HS2: Economic case puts Nottingham top of the league

HS2 project Image copyright AP

Like anyone with a favourite train set, David Cameron isn't about to give up on HS2. In Prime Minister's Questions, he robustly defended the need for a high-speed rail link.

With Labour now questioning the overall cost, HS2 supporters may be getting rather nervous. That explains why the government has published another document - the fifth so far - on the benefits for our big cities.

This time, the key message is the economic spin-offs, rather than the shorter journey times promised by the new line to London.

And tucked away in the details of the Department for Transport's "Strategic Case for HS2" is the finding of a KPMG audit of the benefits for the regions.

Its model is based on improved connectivity: how businesses are able to connect with suppliers and potential customers. Its findings put a figure on that, and guess what: Nottingham and Derby emerge as the "city region" that will benefit the most from high speed rail.

The KPMG conclusion estimates a big improvement in business connectivity. This is the league table for the city regions along the route:

The government's HS2 report also estimates what that could be worth for the Nottingham/Derby economy: an extra £2.2bn a year.

But does that still make HS2 worth it? That's where the political and economic debate still remains.

"We are always supportive of infrastructure projects, even HS2. But they have to provide good value for money," Ron Lynch, head of the business organisation, the Institute of the Directors in the East Midlands, said.

HS2 opponent and Tory MP Andrew Bridgen believes Labour doubts over the £42bn cost now put the whole idea in doubt.

The proposed route would cut through his North West Leicestershire constituency, with an HS2 rail tunnel going under East Midlands Airport.

"A whole raft of independent bodies - even the Treasury Select Committee a couple of weeks ago - said there is no business case for HS2 and that it should be suspended," he told me.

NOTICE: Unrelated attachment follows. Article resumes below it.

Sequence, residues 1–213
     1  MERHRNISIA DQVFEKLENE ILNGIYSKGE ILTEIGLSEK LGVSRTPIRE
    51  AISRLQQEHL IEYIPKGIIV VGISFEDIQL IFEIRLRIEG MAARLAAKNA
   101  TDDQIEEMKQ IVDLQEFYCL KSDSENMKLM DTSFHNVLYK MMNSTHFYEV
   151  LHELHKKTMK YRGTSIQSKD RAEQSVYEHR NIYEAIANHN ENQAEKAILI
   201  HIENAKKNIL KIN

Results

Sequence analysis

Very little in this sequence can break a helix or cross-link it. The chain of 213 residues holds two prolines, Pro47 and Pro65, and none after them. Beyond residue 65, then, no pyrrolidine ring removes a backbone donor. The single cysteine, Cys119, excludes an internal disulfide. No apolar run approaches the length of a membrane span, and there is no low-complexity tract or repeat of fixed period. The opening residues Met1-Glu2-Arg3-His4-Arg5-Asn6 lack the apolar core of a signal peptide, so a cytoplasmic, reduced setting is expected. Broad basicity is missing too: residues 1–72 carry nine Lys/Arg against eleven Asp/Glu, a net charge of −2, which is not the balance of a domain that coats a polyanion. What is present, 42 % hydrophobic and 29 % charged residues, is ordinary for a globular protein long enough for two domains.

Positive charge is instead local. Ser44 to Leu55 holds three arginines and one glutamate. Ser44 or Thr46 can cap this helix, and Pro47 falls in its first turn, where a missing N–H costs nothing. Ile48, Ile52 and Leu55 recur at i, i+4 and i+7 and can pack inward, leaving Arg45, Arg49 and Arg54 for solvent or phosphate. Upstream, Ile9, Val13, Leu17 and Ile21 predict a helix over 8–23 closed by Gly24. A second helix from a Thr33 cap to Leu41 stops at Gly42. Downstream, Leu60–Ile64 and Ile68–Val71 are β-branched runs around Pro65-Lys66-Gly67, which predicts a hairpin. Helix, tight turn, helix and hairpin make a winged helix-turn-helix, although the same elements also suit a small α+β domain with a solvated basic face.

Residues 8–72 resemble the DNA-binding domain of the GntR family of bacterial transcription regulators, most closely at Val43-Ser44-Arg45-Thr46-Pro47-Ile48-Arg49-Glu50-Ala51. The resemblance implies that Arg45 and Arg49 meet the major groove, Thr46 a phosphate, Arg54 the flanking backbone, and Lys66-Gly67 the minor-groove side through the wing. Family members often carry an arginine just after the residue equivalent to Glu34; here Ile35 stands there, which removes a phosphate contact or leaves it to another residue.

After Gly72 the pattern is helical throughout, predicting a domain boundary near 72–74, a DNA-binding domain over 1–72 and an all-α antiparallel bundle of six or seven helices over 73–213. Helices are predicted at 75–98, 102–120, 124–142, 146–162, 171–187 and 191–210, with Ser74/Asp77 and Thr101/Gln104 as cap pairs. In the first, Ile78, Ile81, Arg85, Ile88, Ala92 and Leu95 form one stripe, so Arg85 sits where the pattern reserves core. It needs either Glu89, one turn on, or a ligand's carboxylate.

Labour's current position is best summed up by Shadow Transport Minister Lilian Greenwood, herself a Nottingham MP.

"We are in favour, but the government can't be irresponsible about the cost. They've got to keep that cost under control and they've got to demonstrate to the public it's value for money," she said.

When the East Midlands HS2 station - between Derby and Nottingham - is built at Toton Sidings, London will be 51 minutes away, it will be 19 minutes to Birmingham, and it'll be one hour 42 minutes to Newcastle.

It's that prospect of such shorter journey times and the economic advantages that attract the leader of Nottingham City Council, Labour's Jon Collins.

"There's an opportunity for us to get a rebalancing of the economy, so that not all the growth is happening in and around London and South East, " he said.

"We'll see significant economic growth and economic benefits coming to the Midlands and the North from HS2. That's why people should strongly support it."

In the national debate over the economic spin-offs for the English regions, the advantage for Nottingham and Derby has barely figured.

The two cities' top position in the HS2 economic benefits league table may surprise many.

But ponder this: at the last general election, the East Midlands helped deliver David Cameron into Downing Street. The East Midlands may help deliver HS2 for the prime minister, if the economic case for this region wins over the sceptics.